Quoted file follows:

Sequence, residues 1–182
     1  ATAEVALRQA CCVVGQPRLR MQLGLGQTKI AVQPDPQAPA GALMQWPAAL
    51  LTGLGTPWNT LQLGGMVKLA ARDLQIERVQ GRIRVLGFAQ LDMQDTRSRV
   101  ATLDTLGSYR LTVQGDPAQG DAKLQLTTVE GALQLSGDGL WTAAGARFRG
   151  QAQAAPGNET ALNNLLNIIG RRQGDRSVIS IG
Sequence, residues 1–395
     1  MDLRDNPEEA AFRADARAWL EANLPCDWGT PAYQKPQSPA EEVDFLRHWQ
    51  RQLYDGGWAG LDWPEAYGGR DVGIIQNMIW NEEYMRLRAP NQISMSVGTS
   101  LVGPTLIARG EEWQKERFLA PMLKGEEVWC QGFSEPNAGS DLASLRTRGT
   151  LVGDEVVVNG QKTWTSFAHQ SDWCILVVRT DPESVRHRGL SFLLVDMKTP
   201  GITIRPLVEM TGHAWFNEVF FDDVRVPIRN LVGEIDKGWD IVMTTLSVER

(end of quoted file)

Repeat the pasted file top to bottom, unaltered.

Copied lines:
Sequence, residues 1–182
     1  ATAEVALRQA CCVVGQPRLR MQLGLGQTKI AVQPDPQAPA GALMQWPAAL
    51  LTGLGTPWNT LQLGGMVKLA ARDLQIERVQ GRIRVLGFAQ LDMQDTRSRV
   101  ATLDTLGSYR LTVQGDPAQG DAKLQLTTVE GALQLSGDGL WTAAGARFRG
   151  QAQAAPGNET ALNNLLNIIG RRQGDRSVIS IG
Sequence, residues 1–395
     1  MDLRDNPEEA AFRADARAWL EANLPCDWGT PAYQKPQSPA EEVDFLRHWQ
    51  RQLYDGGWAG LDWPEAYGGR DVGIIQNMIW NEEYMRLRAP NQISMSVGTS
   101  LVGPTLIARG EEWQKERFLA PMLKGEEVWC QGFSEPNAGS DLASLRTRGT
   151  LVGDEVVVNG QKTWTSFAHQ SDWCILVVRT DPESVRHRGL SFLLVDMKTP
   201  GITIRPLVEM TGHAWFNEVF FDDVRVPIRN LVGEIDKGWD IVMTTLSVER